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20121010
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CSPAN
Oct 3, 2012 7:30am EDT
election season on record due in part to the supreme court citizens united decision. in this discussion panelists examine the effect that corporate spending has had on the campaign season. this is an hour and a half. >> good morning. good morning and welcome to the new america foundation. my name is mark schmitt. i'm a senior fellow at the roosevelt institute and a research fellow here at new america foundation. the vice president of new america and i have pulled together a good panel on what's really going on with money and politics in 2012. we call it beyond sticker shock because the idea is to kind of get beyond the basic idea of that huge amount of money here in politics. i remember when i first got involved in this issue in 1996 i was working on the hill, and my boss wanted to do a big speech. how outrageous it was, up to $1 billion would be spent on the election in 1996. of course, that begins to seem like the line from doctor evils demand for $1 million to not take over the world. so what i'm going to do here is a couple brief presentations and open it up to a panel discussion. t
CSPAN
Oct 7, 2012 7:45am EDT
before the 2008 election, olympia snowe, kathleen sebelius were both in there, and we wanted to also consider this notion -- barbara lee who has been are sober years ago when he did the last round of madam president, six years ago with her foundation a doctor looking at women governors would want to look at some of the women governors who have been through some of barbara lee's training as a pipeline to the presidency. >> we also made the observation that when a male is elected to senator schiff, immediately he is cast as a future presidential hopeful. for example, scott brown hadn't even been sworn in yet in massachusetts, and the url scott brown -- or scott brown twinkled.com was already purchased. but so many women have been in washington for so many years as legislators and working on important work come and get their names never bubbled to the top. we were curious why not. >> how did you decide you wanted to write this book? all three of you studied similar topics, but how did this book actually come about? >> your idea, ted. spent i guess it was my idea. i've been a political n
CSPAN
Oct 4, 2012 6:00am EDT
, it created a lot of debt we have to pay off. that's kind of our messaging. we try to hold elected officials to account for the record and also for the promises they have made. that's why a lot of incumbents don't like super pacs. >> we have an important note. one of the things we talk about is targeting. living here between new york and philadelphia media market you're not going to see any of these most likely. potentially pennsylvania has been a target state. neither campaign or the super pacs advertising in in sylvania. it's the most expensive market in the target states. i think it's also important to remember, there's a lot of money that is concentrated to a very small number of states and ultimately a small number of people as well. that's something i think is very important. a big part campaign finance reform and the unintended consequences. that's what my pet peeves is the unintended consequences sometimes as well intended legislation. we want to open up to questions. we will give maggie a chance to respond but i didn't want to become the moderator but somehow that may happen. but we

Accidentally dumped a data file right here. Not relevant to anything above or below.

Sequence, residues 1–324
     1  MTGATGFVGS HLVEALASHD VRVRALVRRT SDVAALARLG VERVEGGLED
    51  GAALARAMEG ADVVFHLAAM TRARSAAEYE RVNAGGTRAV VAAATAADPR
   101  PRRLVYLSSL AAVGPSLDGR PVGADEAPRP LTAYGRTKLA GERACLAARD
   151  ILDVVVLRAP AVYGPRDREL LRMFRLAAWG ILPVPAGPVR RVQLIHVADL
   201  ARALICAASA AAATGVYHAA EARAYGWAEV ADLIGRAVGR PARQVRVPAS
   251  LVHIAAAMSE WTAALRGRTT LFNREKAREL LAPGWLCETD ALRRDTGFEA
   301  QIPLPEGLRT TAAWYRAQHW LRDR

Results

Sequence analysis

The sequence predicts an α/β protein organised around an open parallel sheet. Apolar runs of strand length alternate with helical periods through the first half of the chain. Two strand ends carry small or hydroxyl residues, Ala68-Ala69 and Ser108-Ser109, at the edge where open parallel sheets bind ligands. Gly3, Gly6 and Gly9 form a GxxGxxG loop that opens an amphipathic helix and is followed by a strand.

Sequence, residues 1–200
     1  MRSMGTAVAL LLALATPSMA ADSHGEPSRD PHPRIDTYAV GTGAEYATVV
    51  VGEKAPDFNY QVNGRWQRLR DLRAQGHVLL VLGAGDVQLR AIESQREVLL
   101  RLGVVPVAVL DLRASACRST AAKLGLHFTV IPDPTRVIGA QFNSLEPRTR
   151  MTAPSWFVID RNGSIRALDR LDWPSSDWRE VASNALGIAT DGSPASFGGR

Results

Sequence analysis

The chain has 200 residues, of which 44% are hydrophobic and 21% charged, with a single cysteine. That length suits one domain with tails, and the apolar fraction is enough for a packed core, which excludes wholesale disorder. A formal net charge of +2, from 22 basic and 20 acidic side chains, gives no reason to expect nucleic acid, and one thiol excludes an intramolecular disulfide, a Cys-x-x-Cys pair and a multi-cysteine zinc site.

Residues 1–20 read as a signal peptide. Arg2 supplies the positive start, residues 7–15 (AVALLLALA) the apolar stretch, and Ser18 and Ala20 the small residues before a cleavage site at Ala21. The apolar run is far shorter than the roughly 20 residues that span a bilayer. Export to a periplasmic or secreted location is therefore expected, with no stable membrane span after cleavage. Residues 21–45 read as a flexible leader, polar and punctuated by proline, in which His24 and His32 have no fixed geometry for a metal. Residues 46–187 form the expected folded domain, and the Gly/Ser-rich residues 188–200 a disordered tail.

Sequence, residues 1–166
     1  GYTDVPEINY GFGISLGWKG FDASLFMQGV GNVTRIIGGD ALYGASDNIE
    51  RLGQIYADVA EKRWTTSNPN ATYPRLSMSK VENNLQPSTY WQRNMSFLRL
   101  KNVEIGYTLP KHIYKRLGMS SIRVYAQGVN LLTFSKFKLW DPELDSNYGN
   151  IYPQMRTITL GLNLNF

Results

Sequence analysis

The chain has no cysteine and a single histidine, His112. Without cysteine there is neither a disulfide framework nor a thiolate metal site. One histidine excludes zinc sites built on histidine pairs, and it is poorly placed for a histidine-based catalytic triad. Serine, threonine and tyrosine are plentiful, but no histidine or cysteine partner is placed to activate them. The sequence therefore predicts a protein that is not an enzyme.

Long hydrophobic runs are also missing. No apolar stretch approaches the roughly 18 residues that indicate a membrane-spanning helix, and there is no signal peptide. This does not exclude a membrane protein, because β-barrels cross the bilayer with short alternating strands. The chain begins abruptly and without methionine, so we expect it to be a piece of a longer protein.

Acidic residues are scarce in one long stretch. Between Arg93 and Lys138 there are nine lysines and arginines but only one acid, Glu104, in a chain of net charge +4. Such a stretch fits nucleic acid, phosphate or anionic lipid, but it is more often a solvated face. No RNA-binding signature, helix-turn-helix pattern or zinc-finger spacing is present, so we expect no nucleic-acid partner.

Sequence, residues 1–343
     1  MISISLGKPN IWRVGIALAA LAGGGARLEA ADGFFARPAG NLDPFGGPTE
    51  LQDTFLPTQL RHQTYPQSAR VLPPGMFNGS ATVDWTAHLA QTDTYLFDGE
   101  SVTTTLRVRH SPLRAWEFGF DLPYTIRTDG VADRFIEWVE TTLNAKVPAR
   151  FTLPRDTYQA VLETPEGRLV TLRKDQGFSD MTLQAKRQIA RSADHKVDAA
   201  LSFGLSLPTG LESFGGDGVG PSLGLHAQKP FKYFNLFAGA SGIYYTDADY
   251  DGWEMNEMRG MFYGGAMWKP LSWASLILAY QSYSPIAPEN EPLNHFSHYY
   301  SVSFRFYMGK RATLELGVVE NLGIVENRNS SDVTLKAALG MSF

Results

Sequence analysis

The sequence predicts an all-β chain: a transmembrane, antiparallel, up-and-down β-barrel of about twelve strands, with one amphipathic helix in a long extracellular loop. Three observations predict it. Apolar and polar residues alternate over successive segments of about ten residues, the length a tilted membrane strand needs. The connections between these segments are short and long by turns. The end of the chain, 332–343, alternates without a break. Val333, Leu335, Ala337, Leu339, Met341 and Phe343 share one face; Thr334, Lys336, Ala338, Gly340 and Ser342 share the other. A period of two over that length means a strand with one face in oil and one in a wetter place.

CSPAN
Oct 2, 2012 6:00am EDT
to the election of president obama and the real energy he brought on the campaign trail in 2008, to the question of transparency and the kind of good government i think we all envisioned. from my perspective, from about 2010, that energy at kind of dissipated. a lot of efforts have gone toward a lot of things, and we weren't seeing that sort of dramatic transformation that a lot of us can visualize. we can imagine knowing what the power of data is but it wasn't happening very much. and that caused me to do some work that i will describe your that results in some grades that i will talk about. grading is a cruel art but it sometimes is necessary art how we communicate things. what he did is i looked at the problem of sort of lacking transparency efforts around 2010, and it looked to me like maybe the transparency community have not communicated well enough to the government side. what it was we wanted. a lot of efforts have gone up if it didn't have a direction, didn't have a destination. and so i sat down with some technical people, i'm a lawyer so i have to go back and learn about how these com
CSPAN
Oct 7, 2012 12:30am EDT
person. someone who never sought elected officings and so he didn't do a whole lot to promote himself, although he lived a long life into the late 1800s, 1894 he died, but he retreated in the last 20 years of life into pretty much a private world and didn't promote himself. i also think that soon after the war was over, very soon after the war was over, much of the nation was guided by or inspired by a desire for reconciliation among whites, too bad for anybody else, and holt did not represent that point of view. he was very distressed at the repeated way the nation was unifieded and the former slaves' welfare was banded, and so he was a contrarian, and, again, didn't have a place in that narrative that was being created after the war, or a place for being celebrated in the way that the narrative was being developed after the war so he retreated, and he -- he was bitter, actually, at the end, but he sort of retreated to his private world, and he tried to reconstruct some relationships with family members, descendants of his own generation, nephew and niece in particular, and he clung
Search Results 0 to 4 of about 5